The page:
I also want to note that despite comments I often see (on twitter or in articles) that pre-publication peer review is failing completely (or is misguided), I think that it remains a successful first round of filtering. In addition to serving (and having previously served) as associate editor on a number of journals (and having reviewed papers for many many more) I would estimate that 80% of reviews I have seen from other authors (including for my own work) have been helpful, improve the science, the interpretation and clarity of communication. Indeed as a current AE at both Evolution and The American Naturalist the reviews for papers I handle are almost always highly professional, very constructive and improve the final published papers. Usually this results from pointing out issues of analysis, potential confounding issues in the experiments and concerns with interpretation. Often one of the major issues relates to the last point, reviewers (and editors) can often reduce the over-interpretation and hyperbole that can be found in initial submissions. This does not mean I do not rage when I get highly critical reviews of my own work. Nor does it mean that I think that trying to evaluate and predict the value and impact of individual studies (and whether it has any part in the review process and selection for particular journals) remains deeply problematic. However, in balance my experience is that this does improve studies and remains an important part of the process. Further, I do not see (despite the many burdens on the time of scientists, and that reviewing remains unpaid work) evidence for a decline in quality of reviews. Others (like here and here) have said similar things (and probably more eloquently).

As for the replication issues. This is clearly being taken seriously by many in the scientific community, including funding agencies which are now setting aside resources specifically to address this. Moreover, many funding agencies are now not only requiring that papers funded by them be made open access within 12 months of publication, but (and along with a number of journals) are requiring all raw data (and I hope soon scripts for analyses) to be deposited in public repositories.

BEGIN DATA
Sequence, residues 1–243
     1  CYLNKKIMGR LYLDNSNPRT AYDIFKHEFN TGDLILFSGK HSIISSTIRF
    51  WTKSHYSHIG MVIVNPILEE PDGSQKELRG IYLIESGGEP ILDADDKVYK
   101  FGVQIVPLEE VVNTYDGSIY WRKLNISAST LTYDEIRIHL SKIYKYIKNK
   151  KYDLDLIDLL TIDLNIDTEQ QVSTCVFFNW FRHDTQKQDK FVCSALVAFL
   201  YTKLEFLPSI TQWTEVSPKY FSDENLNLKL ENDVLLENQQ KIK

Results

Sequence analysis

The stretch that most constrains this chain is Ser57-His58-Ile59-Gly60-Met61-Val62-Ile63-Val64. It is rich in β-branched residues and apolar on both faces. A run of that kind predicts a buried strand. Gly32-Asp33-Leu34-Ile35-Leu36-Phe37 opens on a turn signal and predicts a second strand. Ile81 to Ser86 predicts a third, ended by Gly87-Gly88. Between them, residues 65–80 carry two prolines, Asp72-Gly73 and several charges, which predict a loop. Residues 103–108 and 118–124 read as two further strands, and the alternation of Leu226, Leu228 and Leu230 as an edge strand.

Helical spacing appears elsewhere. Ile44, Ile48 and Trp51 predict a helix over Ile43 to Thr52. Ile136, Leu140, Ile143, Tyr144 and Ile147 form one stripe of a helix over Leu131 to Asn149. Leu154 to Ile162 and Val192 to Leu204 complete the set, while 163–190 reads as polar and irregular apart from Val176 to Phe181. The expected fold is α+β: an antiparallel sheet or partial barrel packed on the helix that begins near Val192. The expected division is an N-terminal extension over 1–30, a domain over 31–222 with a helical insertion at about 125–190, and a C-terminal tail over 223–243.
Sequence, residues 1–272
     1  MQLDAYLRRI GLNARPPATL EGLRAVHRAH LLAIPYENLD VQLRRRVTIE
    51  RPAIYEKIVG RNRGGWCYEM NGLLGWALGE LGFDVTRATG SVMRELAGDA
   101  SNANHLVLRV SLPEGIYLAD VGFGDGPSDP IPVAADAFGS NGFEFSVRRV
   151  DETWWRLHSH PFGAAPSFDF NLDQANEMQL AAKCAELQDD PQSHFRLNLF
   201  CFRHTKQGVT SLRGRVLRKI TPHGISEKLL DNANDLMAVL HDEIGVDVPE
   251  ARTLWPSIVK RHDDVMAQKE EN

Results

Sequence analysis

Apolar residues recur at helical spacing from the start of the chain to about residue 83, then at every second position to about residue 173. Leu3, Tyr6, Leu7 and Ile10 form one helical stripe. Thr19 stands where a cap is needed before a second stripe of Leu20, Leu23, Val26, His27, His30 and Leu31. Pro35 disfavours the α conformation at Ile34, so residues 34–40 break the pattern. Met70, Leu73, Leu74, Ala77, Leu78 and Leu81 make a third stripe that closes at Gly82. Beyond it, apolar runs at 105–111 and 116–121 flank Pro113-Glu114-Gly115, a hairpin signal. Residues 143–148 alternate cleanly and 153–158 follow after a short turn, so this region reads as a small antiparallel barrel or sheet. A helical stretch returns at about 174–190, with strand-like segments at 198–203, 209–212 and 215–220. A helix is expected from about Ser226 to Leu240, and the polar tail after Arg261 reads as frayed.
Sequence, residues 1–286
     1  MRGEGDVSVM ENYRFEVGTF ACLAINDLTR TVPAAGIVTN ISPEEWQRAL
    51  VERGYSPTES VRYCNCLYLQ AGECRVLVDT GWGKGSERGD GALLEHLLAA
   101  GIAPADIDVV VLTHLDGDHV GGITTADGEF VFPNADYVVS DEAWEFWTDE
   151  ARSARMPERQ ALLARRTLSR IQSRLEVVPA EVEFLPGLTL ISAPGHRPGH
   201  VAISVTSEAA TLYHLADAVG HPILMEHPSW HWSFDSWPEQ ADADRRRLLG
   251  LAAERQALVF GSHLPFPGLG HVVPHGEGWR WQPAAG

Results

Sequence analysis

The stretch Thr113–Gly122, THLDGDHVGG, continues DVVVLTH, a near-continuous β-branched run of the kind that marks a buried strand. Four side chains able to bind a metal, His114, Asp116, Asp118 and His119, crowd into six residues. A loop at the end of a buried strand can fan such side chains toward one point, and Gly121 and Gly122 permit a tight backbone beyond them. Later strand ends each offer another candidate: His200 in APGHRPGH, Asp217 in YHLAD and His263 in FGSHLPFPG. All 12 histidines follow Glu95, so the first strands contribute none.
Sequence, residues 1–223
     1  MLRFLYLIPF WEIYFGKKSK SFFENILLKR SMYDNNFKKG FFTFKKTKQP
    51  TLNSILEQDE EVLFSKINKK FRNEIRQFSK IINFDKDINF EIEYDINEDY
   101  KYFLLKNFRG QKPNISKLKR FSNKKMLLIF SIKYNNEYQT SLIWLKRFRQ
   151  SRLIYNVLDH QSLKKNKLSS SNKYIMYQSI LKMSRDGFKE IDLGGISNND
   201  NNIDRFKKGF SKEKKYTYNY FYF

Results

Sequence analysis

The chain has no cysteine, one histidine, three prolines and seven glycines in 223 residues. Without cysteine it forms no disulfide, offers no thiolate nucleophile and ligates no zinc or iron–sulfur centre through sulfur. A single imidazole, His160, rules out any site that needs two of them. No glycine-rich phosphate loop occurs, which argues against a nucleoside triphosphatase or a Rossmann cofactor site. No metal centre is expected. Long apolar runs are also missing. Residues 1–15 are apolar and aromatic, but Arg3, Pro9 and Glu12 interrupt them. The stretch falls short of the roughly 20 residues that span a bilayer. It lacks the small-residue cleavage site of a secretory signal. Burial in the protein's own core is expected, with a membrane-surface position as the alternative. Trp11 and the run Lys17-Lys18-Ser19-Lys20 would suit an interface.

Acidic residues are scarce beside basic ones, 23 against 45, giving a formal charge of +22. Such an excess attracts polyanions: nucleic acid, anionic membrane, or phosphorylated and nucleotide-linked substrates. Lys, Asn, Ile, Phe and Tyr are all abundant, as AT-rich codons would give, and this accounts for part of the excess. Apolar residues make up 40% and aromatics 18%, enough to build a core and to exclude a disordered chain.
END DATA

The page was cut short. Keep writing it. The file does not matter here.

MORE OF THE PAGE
I think the scientific community still has a lot to do on all of these issues, and I would certainly like to see it happen faster (in particular with issues like publishing reviews of papers along with paper, more oversight into making sure all raw data, full experimental methodology and scripts are made available at the time of publication). However, in my opinion, it does seem like the concerns, increased scrutiny and calls for increased openness are all a part of science and are being increasingly formalized. We are not waiting decades or hundreds of years to correct our understanding based on poor assumptions (or incorrectly designed or analyzed experiments), but often just months or weeks. That is a reason to be optimistic.

note: Wow, it has been a long time since my last post. I can just say I have moved from one University (Michigan State University) to another (McMaster University) and my family and I are in the process of moving as well (while only ~400km, it is from the US to Canada...more on that in a future post). I will try to be much better after the move next week!